Lessons in Menstrual Hygiene

ICW Bangalore West reaches out to girl students to break the taboo surrounding menstruation

Published: 26th September 2015 05:16 AM  |   Last Updated: 26th September 2015 05:16 AM   |  A+A-

QUEEN’S ROAD:  India has long struggled to look at menstruation as a non-issue. Even today, a good number of women and girls don’t have access to proper menstrual hygiene tools, including sanitary napkins. They depend on alternatives like rags which cause infections.

Inner Wheel Club (IWC) Bangalore West knows this is not a problem limited to what in our minds makes up the poor India — the villages. This year, under its annual SMILE (S-Sanitation, M-Membership, I-Image building, L-Literacy, E-Evaluation) project, the club has launched an initiative called Shuchi Shikshana Andolana to spread menstrual hygiene awareness among girls studying in government schools (classes 5 to 10) and colleges in the city.

The movement is supported by Rotary Bangalore West and managed by MITU (Multiple Initiatives Towards Upliftment) Foundation, which has been working in the field of menstrual hygiene and management in Bengaluru and rural Karnataka for six years.

Under Shuchi Shikshana Andolana, IWC Bangalore West encourages girls to overcome the stigma often associated with menstruation. During the one-hour-long sessions, there are discussions on disposal of used pads, drying cloth pads under sunlight to avoid infections, PMS and coping with mood swings. 

If time permits, they also discuss adolescent crushes, child sexual abuse, rape, early marriage, unwanted pregnancy and the importance of washing hands before eating food.

So far, Kumara Park High School has been covered under the initiative, and sessions are being conducted at Government Arts College and Government Girls PU College. They will be organised in MES Kishora Kendra School and Maharani Lakshmi Ammanni College for Women next.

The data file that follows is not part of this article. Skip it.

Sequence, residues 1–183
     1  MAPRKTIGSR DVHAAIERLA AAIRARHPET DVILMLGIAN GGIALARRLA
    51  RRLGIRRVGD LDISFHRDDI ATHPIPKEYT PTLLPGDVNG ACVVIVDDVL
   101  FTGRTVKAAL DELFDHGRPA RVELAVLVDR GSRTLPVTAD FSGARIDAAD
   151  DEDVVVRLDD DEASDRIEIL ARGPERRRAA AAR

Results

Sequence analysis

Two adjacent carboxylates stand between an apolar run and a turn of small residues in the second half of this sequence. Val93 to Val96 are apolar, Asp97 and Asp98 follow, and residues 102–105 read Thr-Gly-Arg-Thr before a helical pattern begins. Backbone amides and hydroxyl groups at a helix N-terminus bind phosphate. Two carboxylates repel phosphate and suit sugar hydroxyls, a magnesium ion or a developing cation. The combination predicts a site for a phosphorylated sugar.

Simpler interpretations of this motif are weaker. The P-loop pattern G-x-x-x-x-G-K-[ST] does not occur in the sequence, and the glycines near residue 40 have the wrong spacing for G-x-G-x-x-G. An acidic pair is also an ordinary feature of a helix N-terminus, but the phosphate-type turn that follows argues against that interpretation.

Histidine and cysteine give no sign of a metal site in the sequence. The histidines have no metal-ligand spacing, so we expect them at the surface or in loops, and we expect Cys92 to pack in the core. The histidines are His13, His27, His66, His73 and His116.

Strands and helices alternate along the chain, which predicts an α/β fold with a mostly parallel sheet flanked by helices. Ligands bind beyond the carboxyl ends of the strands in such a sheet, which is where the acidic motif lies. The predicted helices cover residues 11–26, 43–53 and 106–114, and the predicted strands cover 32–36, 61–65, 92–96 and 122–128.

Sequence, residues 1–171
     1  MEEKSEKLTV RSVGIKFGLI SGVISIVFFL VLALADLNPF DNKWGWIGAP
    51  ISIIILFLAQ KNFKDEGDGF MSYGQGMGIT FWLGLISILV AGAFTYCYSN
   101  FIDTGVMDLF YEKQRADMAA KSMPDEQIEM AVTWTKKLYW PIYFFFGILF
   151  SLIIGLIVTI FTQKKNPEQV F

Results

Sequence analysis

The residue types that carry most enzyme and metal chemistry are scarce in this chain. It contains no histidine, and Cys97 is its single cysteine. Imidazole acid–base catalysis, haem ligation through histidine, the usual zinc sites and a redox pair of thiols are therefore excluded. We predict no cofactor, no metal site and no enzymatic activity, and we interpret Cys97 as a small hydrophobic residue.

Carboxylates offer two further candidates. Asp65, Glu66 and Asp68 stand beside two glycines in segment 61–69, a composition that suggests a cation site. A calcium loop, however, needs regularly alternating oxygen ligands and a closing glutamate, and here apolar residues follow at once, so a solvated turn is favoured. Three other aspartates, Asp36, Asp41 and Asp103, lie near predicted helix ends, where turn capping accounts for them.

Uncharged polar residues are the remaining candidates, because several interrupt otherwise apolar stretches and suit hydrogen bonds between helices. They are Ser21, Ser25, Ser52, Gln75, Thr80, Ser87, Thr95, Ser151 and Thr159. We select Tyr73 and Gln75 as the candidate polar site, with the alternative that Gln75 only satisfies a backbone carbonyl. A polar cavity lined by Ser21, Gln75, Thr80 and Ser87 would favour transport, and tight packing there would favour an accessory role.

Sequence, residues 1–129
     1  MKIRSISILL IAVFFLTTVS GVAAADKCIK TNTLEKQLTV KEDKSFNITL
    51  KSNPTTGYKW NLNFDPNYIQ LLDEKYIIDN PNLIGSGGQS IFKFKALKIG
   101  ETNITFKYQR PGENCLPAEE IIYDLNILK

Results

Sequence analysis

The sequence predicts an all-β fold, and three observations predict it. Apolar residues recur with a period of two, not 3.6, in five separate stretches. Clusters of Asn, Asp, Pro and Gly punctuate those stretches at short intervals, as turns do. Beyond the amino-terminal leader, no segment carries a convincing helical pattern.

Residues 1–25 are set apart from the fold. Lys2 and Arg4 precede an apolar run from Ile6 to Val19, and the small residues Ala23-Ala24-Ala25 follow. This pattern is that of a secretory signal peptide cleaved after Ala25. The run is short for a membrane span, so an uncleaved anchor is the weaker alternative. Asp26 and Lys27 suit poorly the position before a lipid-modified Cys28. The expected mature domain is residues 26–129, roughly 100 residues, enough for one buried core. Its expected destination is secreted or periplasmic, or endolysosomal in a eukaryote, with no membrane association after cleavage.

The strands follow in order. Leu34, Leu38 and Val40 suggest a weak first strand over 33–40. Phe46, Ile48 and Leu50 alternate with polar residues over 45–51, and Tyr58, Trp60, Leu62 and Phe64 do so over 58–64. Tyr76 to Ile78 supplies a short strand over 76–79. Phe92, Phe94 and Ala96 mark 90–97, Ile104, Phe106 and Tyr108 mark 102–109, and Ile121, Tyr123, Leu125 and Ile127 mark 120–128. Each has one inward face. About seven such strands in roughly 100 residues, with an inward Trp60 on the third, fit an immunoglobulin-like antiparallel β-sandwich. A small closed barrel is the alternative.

Sundaravalli, associate professor of economics at Government Arts College, told City Express, “Though our college is located in the heart of the city, a majority of our students belong to low socio-economic strata. So it was important to create awareness and educate them properly on menstruation, as it is considered taboo by so many, especially in their villages. The session was also about early pregnancy. UG and PG students had to learn about the ill effects of early pregnancy. It was quite a successful talk.”

IWC Bangalore West is also sourcing funds to ensure a regular supply of sanitary pads to girls and to set up incinerators at a few schools for disposing of used pads. They are also distributing old newspapers to discourage girls from using plastic bags to dispose of sanitary napkins.

Kala Charlu, founder of MITU Foundation and president, IWC Bangalore West, hopes all Rotary branches in the city will have identified at least 10 schools in their jurisdiction to hold such health and hygiene sessions by next June, when her term ends. “All the Rotary and IWC branches should join hands in implementing this project and making it a success,” she said. 

ROOTS OF THE MOVEMENT

The Inner Wheel movement was launched in 1924 by Margarette Golding, wife of a Manchester Rotarian. The first IWC in India was formed in Ahmedabad in 1955. With the continued support of Rotary Club of Bangalore West, IWC Bangalore West’s Shuchi Shikshana Andolana hopes to bring about a big change in the mindset of girls and their families.

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